Tired of floppy and Jazz disks, I looked for a better storage solution to install in the Triton. I tried a Floppy-to-USB emulator and it worked well but the 1.44MB limit was still there. Although a bit more complex, using a SCSI>IDE adaptor and a IDE CF reader looked very well on paper. So I got a I-O Data R-IDSC-E/R adapter with firmware 1.30.9 and a IDE CF reader in a floppy drive form factor.
The CF IDE READER
The reader enclosure was shorter than a standard floppy drive and it also did not have threaded holes on the bottom surface, so it could not replace the old floppy drive directly. I had to drill three holes to it and to the keyboard’s bottom cover, and use a few washers to mount it so the faceplate fit to the floppy opening of they keyboar’ds case:
The SCSI>IDE Adapter
I wanted everything to be internal, so I could not use the 25-pin DB-sub connector on the back of the keyboard. I used a 50-pin flat ribbon cable, removed one end and soldered each wire directly to the PCB pads of the 25-pin sub-d connector. I dismantled the flat ribbon cable and built a harness to route the cable to the side of the keyboard where the floppy drive is located. You can see it going above the MOSS board (under that board once the keyboard is on its feet):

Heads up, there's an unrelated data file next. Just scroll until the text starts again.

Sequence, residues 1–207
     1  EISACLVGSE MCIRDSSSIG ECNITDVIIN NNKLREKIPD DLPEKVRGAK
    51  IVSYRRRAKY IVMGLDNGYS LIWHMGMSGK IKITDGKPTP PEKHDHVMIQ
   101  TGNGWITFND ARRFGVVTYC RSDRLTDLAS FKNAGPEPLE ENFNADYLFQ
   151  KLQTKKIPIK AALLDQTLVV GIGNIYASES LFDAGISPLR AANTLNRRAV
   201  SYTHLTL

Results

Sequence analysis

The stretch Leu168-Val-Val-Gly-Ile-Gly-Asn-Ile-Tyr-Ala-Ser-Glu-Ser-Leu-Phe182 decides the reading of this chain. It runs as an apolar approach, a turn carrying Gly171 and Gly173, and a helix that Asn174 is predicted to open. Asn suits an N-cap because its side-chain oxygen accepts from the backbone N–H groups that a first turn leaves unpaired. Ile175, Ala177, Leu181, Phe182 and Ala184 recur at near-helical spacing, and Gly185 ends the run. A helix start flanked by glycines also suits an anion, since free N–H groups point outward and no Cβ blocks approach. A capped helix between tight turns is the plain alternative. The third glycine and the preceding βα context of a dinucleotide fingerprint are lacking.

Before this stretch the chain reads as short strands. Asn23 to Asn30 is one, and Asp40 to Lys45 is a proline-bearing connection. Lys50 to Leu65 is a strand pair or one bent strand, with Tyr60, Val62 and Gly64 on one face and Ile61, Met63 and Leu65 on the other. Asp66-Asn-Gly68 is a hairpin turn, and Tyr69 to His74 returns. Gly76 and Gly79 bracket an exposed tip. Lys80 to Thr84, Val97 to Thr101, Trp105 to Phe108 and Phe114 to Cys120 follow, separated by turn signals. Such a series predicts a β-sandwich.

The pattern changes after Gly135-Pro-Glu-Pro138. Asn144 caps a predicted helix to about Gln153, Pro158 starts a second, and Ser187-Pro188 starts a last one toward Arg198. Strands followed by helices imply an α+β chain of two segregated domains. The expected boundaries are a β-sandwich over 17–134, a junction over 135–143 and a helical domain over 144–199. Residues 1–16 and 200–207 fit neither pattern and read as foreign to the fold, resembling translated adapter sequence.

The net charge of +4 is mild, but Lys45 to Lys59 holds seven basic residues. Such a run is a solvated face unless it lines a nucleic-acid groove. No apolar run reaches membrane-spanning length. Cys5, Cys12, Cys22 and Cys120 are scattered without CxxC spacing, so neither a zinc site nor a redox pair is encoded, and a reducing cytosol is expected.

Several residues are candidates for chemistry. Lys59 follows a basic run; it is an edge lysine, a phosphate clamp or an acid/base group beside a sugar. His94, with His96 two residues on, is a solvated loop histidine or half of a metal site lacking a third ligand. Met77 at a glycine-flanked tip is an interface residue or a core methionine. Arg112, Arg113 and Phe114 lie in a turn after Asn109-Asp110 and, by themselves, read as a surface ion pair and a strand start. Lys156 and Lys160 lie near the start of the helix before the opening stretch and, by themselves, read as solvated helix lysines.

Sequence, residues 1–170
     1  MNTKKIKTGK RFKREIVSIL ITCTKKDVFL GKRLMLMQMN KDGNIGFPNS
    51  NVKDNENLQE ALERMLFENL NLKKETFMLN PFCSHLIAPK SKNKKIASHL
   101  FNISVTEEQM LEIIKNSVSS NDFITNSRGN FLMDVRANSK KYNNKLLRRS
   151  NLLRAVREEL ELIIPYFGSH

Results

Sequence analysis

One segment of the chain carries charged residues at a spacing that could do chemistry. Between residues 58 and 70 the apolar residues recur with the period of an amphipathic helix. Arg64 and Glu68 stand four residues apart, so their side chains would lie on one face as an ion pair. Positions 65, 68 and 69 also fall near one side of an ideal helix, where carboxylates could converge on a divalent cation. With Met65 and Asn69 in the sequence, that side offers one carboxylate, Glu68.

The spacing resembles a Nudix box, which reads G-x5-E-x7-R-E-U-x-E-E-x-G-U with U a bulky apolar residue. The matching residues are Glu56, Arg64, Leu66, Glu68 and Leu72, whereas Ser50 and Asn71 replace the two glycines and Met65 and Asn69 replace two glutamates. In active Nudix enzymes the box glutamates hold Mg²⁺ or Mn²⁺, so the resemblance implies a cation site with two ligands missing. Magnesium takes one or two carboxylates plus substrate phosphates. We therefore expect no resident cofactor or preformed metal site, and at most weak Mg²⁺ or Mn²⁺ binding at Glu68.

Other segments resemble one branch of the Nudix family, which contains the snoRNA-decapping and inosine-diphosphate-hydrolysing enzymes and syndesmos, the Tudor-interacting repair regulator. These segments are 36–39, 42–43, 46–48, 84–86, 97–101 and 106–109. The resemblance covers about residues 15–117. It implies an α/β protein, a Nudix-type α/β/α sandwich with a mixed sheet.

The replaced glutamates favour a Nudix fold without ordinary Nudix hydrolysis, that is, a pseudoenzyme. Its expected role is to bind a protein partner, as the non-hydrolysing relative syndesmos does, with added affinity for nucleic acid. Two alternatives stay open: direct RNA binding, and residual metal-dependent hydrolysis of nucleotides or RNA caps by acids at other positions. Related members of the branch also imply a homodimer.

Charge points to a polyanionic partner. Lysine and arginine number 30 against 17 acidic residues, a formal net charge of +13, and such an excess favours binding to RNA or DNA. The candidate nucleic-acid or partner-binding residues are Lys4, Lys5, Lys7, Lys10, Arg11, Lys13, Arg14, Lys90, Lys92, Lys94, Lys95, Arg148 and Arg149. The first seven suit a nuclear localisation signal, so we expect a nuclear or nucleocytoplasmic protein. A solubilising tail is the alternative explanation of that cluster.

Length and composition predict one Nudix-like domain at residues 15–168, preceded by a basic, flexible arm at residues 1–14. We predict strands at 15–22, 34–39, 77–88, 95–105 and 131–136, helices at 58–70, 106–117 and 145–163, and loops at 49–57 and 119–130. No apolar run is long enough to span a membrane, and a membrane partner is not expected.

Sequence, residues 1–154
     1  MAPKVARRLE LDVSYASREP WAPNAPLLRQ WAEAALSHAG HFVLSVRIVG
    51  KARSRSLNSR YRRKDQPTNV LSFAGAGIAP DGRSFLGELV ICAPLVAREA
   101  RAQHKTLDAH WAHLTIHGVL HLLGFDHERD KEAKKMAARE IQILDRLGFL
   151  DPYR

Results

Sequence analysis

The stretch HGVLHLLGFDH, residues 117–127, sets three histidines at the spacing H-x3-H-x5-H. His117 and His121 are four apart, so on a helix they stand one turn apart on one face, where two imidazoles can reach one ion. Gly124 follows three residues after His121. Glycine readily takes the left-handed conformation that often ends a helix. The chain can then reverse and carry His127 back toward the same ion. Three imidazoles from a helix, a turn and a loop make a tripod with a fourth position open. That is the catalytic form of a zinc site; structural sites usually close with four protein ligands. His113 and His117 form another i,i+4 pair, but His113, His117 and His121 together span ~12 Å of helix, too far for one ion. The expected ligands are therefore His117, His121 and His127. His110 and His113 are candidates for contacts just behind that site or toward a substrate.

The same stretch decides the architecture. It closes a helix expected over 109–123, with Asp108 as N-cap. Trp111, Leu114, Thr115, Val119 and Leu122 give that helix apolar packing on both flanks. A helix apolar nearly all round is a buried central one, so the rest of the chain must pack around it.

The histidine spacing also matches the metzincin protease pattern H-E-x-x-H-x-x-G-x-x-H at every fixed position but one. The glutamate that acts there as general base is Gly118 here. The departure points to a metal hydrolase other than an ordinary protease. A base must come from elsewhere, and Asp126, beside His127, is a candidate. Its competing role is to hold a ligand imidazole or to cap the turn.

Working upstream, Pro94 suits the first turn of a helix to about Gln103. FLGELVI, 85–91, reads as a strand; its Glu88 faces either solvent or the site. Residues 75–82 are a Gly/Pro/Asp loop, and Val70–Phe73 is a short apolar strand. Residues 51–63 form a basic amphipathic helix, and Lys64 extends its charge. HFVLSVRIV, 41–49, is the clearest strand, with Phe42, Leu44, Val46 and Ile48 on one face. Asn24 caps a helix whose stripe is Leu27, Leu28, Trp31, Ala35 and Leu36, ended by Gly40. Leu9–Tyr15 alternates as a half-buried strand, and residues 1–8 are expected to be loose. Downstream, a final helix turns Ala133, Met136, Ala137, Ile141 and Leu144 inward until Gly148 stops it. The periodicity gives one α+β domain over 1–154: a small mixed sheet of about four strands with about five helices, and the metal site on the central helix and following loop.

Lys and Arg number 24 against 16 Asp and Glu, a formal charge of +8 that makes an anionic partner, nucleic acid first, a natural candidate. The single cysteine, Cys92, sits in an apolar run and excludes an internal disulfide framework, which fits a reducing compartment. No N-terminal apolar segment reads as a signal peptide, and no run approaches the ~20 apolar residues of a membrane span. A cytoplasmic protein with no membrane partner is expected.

The adapter is designed to be attached to the back of an IDE hard disk, so it has no means to be mounted on a surface. For this same reason, it uses an unusual FEMALE connector, intended to be directly connected to the MALE connector present on IDE hard disks. I once again used a IDE flat ribbon cable, removed one end and soldered each one of the wires to the back side of the PCB, directly to the connector pads. To mount the adapter, I soldered two pin strips to a project PCB and glued it to the side of the plastic case. The (unused) IDE female connector of the adapter is attached to the pin strips and holds it in place. Again, I built a wiring harness that also included 5V power for the reader
Assembly and Testing
After making sure that the jumpers of the SCSI adapter were correctly set, I closed the keyboard and this is what the new drive looks like:
Note I did not install the old floopy drive or it’s flat ribbon cable. Everything works OK with it, I’ve only notice a slight delay after the first time the DISK screen is recalled. After choosing the SCSI drive, this is what appears in the MEDIA INFO page:
It is fast, works realiably and provides lots of storage for programs and samples. It can also be easily removed and accessed from a PC. You can’t ask for more, it is a tremendous improvement to this instrument.